Social Network Use Inside Companies Still a Cause for Concern

By August 28, 2012 1 comment

IT Directors are faced with bandwidth and security issues stemming from employees’ in-company use of social media.

Employees frequently access social networks from the company network and this creates bandwidth and security issues. We already highlighted in an earlier article that European IT Directors tend to be wary of social media and these concerns have led many companies to block access to the social networks. Now a new study carried out by Clavister , a Sweden-based provider of mobile and network security solutions for large enterprises, cloud service providers and telecom operators,has found that the explosion in use of social networks is indeed nowadays a big headache for IT Directors. First of all, the fact that social media platforms such as Twitter and Facebook command a wide audience means that they are often used as ‘launch pads’ for cyber attacks. A second concern is that some sites - YouTube for example - consume a great deal of bandwidth. If this usage is not controlled, it can both affect access to business critical applications and impact staff productivity. It is therefore essential for IT Directors and systems managers to be fully aware of the threats and to put countermeasures in place to minimise risk.

Measures a company should be taking

Social media are today part of an employee’s toolkit and they can prove very useful, but organisations clearly need to be fully aware of the various threats that use of these media poses to security, productivity and bandwidth consumption. Clavister CTO John Vestberg: “IT directors have a lot to think about when it comes to social media in the workplace. Is it stifling productivity? How much bandwidth is it using and is it putting us at an increased risk of security threats?” Companies should therefore be putting in place new measures to cope with these dangers. Clavister recommends controlling use of in-company access to the Internet – i.e. specifying which users have access to which websites and when. The Swedish network security specialist also advises establishing parameters for each application: the user profiles which are allowed access, how much capacity they can use, and when.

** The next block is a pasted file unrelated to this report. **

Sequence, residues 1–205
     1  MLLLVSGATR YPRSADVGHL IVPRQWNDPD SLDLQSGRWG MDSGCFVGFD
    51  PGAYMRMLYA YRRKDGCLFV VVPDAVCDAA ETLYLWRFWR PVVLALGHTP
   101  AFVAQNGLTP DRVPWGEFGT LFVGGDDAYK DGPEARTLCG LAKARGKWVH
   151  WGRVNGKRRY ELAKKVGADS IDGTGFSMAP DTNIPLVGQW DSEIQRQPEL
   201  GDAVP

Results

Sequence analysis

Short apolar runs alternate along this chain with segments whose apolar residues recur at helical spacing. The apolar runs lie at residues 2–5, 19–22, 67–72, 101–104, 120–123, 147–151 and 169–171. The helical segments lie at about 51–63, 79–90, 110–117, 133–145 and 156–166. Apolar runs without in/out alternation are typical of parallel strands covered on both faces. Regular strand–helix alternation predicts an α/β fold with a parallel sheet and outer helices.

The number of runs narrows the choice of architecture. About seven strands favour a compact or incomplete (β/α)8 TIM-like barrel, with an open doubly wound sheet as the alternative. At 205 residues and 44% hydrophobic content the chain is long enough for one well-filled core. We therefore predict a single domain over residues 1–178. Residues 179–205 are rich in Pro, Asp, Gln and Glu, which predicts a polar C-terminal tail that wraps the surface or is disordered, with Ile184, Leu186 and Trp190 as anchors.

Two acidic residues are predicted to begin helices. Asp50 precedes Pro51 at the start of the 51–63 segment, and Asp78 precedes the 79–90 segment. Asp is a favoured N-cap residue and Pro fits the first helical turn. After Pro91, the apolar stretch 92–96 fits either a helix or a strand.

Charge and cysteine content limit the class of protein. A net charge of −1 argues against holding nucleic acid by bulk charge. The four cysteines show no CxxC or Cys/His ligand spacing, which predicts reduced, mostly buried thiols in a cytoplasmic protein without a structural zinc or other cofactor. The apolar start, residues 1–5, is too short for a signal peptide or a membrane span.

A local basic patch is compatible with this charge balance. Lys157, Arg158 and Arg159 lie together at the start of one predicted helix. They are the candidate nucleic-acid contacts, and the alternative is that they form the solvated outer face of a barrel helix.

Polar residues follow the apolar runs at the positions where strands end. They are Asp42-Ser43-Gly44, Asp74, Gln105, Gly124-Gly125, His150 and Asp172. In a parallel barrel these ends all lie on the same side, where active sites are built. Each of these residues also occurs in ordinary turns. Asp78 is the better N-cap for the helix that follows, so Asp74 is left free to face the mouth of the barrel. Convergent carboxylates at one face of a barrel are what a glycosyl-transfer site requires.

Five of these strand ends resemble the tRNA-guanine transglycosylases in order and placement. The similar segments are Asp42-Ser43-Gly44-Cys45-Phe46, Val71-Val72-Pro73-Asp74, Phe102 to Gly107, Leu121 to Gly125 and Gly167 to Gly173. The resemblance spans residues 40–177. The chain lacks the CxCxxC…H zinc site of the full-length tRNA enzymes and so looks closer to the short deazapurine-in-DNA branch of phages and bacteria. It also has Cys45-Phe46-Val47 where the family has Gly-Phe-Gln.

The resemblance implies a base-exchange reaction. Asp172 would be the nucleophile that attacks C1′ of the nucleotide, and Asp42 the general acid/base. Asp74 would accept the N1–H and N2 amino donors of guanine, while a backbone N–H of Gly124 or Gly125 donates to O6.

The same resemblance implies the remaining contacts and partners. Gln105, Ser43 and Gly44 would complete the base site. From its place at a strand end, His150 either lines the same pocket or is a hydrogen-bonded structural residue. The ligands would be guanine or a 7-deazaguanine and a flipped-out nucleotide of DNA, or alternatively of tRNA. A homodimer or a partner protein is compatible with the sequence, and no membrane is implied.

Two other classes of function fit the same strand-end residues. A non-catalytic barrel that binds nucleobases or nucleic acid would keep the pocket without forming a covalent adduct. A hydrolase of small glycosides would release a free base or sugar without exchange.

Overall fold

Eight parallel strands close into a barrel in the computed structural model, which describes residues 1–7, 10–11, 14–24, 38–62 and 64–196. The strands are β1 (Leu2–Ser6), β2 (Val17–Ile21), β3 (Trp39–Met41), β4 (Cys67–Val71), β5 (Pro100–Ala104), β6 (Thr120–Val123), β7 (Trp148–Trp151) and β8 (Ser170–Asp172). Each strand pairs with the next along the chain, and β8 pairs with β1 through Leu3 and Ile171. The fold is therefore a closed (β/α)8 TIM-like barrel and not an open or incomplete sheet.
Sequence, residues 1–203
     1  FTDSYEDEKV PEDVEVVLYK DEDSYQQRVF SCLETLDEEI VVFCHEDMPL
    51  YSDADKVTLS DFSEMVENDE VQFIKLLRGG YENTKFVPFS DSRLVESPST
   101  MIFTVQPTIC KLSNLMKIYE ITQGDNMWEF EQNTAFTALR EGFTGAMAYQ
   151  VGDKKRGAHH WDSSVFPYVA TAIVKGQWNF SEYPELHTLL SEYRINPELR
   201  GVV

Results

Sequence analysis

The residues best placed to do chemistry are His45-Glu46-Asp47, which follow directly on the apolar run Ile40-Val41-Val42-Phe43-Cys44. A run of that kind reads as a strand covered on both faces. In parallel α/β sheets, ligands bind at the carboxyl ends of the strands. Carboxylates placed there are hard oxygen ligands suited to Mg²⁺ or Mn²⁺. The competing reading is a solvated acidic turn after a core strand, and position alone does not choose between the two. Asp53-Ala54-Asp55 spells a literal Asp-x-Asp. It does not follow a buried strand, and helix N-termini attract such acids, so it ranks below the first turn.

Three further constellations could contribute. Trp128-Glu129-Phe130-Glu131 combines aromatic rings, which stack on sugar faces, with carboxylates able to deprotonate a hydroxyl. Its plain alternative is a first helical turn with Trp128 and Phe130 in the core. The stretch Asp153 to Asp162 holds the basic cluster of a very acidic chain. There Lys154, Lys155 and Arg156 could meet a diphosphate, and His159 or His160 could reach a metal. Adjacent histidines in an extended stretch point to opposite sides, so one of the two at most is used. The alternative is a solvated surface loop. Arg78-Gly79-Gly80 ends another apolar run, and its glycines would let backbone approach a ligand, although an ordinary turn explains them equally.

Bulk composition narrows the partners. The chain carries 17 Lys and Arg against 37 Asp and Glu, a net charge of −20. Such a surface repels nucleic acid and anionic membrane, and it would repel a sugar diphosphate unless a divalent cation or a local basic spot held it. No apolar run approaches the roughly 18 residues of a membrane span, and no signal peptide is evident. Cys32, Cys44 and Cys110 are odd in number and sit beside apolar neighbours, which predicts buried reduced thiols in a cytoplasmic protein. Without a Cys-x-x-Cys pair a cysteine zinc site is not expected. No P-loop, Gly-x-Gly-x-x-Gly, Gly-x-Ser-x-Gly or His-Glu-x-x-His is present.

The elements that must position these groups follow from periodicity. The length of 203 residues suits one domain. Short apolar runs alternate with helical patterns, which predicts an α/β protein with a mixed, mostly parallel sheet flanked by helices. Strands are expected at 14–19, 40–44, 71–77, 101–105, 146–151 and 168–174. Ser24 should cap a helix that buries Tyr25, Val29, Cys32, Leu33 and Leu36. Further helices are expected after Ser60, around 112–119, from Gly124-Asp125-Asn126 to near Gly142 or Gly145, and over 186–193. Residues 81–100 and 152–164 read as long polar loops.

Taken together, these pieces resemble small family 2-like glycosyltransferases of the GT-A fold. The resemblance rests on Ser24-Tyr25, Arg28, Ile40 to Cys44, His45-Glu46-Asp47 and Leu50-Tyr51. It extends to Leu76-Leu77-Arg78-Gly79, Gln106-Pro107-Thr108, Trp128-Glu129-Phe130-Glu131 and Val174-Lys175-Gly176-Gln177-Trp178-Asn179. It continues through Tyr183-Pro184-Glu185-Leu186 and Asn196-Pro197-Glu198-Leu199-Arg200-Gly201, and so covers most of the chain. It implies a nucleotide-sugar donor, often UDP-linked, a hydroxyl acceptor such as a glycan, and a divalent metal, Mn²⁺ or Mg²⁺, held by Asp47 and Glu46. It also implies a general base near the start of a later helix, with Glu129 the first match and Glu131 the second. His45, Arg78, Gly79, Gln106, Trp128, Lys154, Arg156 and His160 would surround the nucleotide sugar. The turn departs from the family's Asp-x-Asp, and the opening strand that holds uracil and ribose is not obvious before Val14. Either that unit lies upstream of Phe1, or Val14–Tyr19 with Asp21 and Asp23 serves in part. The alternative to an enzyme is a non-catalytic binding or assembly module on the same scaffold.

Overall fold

Ring-fencing the use of social networks

The use of social networks in the workplace must be controlled, as it can cost a lot in downtime, warns John Vestberg. “If an organisation has 500 employees and each member of staff spends 30 minutes a day on social media, that could equate to as much as €3 million per year in lost productivity,” he points out. When it comes to bandwidth, Clavister has developed a system that enables a company to give priority to business critical applications. That means bandwidth can be allocated for social media only when it isn’t going to disturb more important traffic. In an enterprise network environment, organisations also need to make proper use of application-aware firewalls, preferably with intrusion detection and anti-virus scanning support. They must also make sure client software is updated regularly and hold employee training to raise awareness on a broader level, stresses Clavister.


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1 Comment

Interesting thoughts! Social networking services are free because your personal information is collected and used to deliver targeted ads from third-parties. (This is especially the case with Facebook, which is now a public company with a responsibility to its shareholders to increase profits.) Read this article if you feel comfortable giving up some privacy in exchange for using the website.

Submitted by website design (not verified) - on January 23, 2013 at 07:24 am

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